BILLINGS, Mont. (AP) — A conservation group trying to create the largest nature reserve in the Lower 48 states said Tuesday it was scaling back its request to expand bison grazing in Montana, following strong opposition from ranchers and Republican lawmakers.
The group’s long-term goal remains unchanged: A 5,000-square-mile (12,950-sq. kilometer) expanse of public and private lands with at least 10,000 bison in the north-central area of the state.
But that would happen more slowly than anticipated after the idea encountered resistance from surrounding landowners. They worry year-round grazing could destroy the range and that the reserve is displacing ranching families as it grows.
The American Prairie Reserve’s revised application to the U.S. Bureau of Land Management would allow bison to graze on about 94 square miles (243 sq. kilometers) of public lands instead of the 450 square miles (1,166 sq. kilometers) originally requested.
The Bozeman-based group does not want neighboring landowners to feel “bulldozed,” reserve vice president Pete Geddes told The Associated Press in advance of the public announcement.
Founded in 2001, the reserve is located on rolling grasslands along the Missouri River near the Charles M. Russell National Wildlife Refuge.
Massive herds of migrating bison once passed through the area before the animals were hunted to near-extinction in the late 19th century. Today the landscape is broken up by the fence lines of sprawling cattle ranches, many run by the same families for generations.
“We want our neighbors to feel very comfortable with our management,” Geddes said. “We have every intent as a conservation organization to make sure this range is in really good condition.”
In addition to paring back areas where bison grazing would be allowed, the revision would allow only seasonal grazing on most of the land instead of the year-round grazing originally requested. It reduces the amount of interior fencing removed — to allow bison and other wildlife to roam more freely — from 300 miles to 40 miles.
The changes would allow the reserve to increase its herd of about 850 bison by an additional 1,000 animals, said Betty Holder, the group’s land acquisition manager. The plan would remain in place for a decade before any more changes are sought, according to Geddes and Holder.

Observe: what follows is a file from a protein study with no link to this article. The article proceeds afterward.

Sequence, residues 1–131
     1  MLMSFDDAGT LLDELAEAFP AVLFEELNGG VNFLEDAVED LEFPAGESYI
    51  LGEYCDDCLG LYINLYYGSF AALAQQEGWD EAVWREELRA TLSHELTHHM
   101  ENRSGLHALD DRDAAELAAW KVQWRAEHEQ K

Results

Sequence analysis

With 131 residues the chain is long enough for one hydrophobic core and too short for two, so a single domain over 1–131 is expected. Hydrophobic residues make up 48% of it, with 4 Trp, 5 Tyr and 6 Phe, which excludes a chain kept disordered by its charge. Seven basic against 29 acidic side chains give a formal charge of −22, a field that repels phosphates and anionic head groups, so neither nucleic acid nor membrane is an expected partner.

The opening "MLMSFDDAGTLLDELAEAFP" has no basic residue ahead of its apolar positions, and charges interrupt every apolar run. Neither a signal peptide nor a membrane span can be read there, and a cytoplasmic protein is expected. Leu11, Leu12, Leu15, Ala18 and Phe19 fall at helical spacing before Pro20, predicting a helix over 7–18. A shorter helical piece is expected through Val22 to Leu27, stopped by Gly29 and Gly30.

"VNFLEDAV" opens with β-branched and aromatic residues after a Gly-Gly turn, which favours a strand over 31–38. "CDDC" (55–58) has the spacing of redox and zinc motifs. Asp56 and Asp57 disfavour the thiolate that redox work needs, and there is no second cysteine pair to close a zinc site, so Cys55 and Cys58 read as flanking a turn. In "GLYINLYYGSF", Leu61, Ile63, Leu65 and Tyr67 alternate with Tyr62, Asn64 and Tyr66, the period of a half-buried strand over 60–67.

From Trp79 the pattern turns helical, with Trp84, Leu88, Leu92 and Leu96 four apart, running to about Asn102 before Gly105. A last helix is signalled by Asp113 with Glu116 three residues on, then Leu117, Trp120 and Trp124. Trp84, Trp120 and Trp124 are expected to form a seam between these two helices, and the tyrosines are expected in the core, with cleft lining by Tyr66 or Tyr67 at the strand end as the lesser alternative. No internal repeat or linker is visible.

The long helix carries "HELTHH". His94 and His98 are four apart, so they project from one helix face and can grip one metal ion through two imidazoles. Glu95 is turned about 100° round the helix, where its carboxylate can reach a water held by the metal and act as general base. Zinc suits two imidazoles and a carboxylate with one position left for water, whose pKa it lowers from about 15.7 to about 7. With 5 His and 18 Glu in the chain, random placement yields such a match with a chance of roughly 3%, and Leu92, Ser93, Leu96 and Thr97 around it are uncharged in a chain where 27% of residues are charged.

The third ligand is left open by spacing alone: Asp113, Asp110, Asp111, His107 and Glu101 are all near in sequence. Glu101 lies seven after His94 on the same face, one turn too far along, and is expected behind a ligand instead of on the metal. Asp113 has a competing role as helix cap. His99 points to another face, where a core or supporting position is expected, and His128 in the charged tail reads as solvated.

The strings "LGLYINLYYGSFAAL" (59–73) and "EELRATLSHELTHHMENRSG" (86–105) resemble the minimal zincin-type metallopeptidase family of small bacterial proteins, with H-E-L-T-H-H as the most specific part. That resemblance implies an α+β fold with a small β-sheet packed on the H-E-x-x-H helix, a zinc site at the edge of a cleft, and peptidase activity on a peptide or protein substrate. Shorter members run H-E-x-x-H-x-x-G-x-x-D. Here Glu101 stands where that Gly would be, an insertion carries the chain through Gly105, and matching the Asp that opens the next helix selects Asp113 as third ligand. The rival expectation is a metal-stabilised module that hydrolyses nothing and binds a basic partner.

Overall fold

Opponents of the reserve were largely unmoved.
Deanna Robbins, whose family runs a ranch and hunter outfitting business near Roy, Montana, described the revisions as a “Trojan horse.”
“APR (American Prairie Reserve) is clear that their goal of controlling 3 million acres of public land and removing all cattle, people and signs of inhabitation hasn’t changed,” Robbins said. “Neither has our opposition.”
A Republican lawmaker from Lewistown who sponsored a resolution in the Legislature calling for federal officials to deny the original proposal said Tuesday’s announcement showed the reserve’s backers were “starting to feel the pressure.” Rep. Dan Bartel said the land should remain in agricultural use
The application is subject to approval from the Bureau of Land Management. The agency has received the request and it’s under review, spokesman Al Nash said.
There is no timeline for a final decision, he said. The original application had been pending since November 2017.
“Our job remains the same,” Nash said. “We’ll do the appropriate environmental analysis and make a decision based on law, regulation and policy.”
Since 2001, the reserve has received $150 million in donations and pledges toward creating a protected area that would be larger than Yellowstone and Grand Teton National Parks combined.
American Prairie Reserve already holds leases on the public lands in question, which include state land overseen by the Montana Department of Natural Resources and Conservation.
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This version corrects the story to say bison were hunted to near-extinction in the late 19th century, not the 18th.